Posted in learning

A Glimmer of Hope in the Inexperienced​

Just outside the open house, looking into what different event that is happening on the track and in the gym, are hundreds of potential students with their parents or guardians. They look like they are eager little children ready for their first day of school. It’s probably the first time they are going to be adulating in the big bad real world. Around the event are brilliant marketing material: the blue and yellow balloons, Luxie the mascot, experienced volunteers wearing t-shirts that say “Shine”; from a business perspective, it’s brilliant, way to go ULeth for marketing to inexperienced high school students who have no idea that most of them are about to receive their very own piece of paper (degree) for an average cost of $50,000. As I look around there is not on a piece of advertising that mention how to shine or anything about critical thinking or learning. This is an example of post-secondary Eductaion— a successful BUSINESS.

I wonder if it is a good idea to have inexperienced students making a life decision like a career, and accepting the obligation of lifelong debt of around $50,000 (if not more), choosing their post-secondary school from a catalog (like you would when shopping for a new outfit), just after they finish puberty? This is our education system at work (or a lack of work), but at least the ULeth business is doing good. I just wish students knew more of what I know about post secondary campuses, learning, and education BEFORE they go into lifelong debt.

Posted in Psychology

Can Failure Lead to Success?

For this post, I’m going to start off with a relevant story, so here it goes. I a few years ago I took an art history class, studying European art. I was studying for an where I had to provide the name, and artist and date for a couple hundred pieces of art.  Before the exam, I had difficulty remembering a few different artwork, thus I got them wrong. so after the exam,  I reviewed my test and the artworks that I could wrong or unfished I could remember better than the answers I got right or finished; and to this day, a few years later (and going into a completely different discipline, I can still remember those couple artworks that I got wrong and are still unfinished in my mind.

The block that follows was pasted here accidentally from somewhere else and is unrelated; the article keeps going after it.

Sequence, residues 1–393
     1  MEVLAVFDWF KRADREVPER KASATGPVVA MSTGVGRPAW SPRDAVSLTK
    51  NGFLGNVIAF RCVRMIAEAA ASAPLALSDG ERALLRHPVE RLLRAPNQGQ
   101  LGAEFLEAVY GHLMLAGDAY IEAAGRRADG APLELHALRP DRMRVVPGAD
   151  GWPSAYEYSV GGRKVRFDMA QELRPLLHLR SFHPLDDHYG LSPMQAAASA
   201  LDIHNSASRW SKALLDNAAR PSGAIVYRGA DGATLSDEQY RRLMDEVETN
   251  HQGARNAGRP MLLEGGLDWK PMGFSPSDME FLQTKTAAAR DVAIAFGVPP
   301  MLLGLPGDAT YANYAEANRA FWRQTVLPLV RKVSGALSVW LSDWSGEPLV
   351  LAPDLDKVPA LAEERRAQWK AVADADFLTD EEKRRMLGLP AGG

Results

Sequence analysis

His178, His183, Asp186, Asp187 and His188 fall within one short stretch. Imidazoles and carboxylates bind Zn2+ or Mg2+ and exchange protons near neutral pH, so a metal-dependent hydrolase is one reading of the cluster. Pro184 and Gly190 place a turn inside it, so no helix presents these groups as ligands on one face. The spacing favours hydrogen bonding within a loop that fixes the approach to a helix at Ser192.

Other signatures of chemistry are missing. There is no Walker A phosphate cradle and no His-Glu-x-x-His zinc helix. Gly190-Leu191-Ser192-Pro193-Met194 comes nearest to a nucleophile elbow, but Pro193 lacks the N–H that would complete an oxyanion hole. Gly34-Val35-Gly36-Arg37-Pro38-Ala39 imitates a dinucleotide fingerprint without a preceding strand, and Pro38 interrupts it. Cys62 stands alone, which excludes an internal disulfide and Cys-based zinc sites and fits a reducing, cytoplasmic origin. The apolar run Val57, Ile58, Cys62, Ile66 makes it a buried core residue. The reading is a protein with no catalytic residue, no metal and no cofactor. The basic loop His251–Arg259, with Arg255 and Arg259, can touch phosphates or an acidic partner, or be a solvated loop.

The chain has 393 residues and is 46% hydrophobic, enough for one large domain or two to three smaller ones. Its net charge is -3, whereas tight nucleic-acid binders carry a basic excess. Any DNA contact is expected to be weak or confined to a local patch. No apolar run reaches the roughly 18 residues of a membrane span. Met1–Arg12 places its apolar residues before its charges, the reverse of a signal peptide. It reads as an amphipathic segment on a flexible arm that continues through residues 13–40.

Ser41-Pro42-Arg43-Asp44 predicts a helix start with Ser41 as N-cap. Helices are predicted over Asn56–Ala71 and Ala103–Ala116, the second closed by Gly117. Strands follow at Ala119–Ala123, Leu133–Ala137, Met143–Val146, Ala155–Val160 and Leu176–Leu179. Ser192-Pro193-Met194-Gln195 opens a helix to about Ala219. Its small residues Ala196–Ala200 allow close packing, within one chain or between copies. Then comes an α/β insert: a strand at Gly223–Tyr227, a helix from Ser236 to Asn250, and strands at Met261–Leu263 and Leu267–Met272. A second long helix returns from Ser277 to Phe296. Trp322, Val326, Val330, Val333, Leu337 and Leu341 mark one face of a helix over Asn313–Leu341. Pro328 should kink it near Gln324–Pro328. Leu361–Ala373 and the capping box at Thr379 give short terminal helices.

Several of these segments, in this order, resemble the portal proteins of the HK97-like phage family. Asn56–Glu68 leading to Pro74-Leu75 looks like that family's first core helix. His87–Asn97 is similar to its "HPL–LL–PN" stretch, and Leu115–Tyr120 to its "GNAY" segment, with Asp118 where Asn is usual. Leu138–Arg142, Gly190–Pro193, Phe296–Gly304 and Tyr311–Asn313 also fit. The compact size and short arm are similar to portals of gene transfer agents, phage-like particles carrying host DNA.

This is one of the artworks that I got wrong. The greek statue Doryphoros was sculpted by Polykleitos (poly= polysporin). So why I can remember this and other artworks I got wrong or didn’t finish after all these years, but I can’t remember the artworks I answered correctly? This is because of the Zeigarnik effect.

The Zeigarnik effect was discovered by Bluma Zeigarnik (power to the females). Bluma was a Soviet Psychologist who discovered that better memory occurs for interrupted or unfished tasks, by an experience she had at a restaurant with a waiter. The effect is described as “people remember uncompleted or interrupted tasks better than completed tasks”. Bluma Zeigarnik states in her paper that by interrupting a task or having an unfinished task, we remember it better by 90% on average.


So why do we remember unfished tasks better than finished tasks?  There have been many theories as to why this happens. Two theories by Seifert and Patalano in 1991 hypothesized that there is more time spent on the unfished task than the finished task, hence why it is still unfinished. This theory is debunked because, in reality, we spend more time completing the task, which is why is it finished.  Seifert and Patalano’s second theory is that by having an unfinished task, it is easier to recall because of the smaller amount of information that needs to be recalled, in other words, chunking; where you can better remember information divided into manageable chunks of information.  This theory was tested and proven to be false as experimenters manipulate the size of each task and then there was no change; people remembered the unfinished task better than the finished one.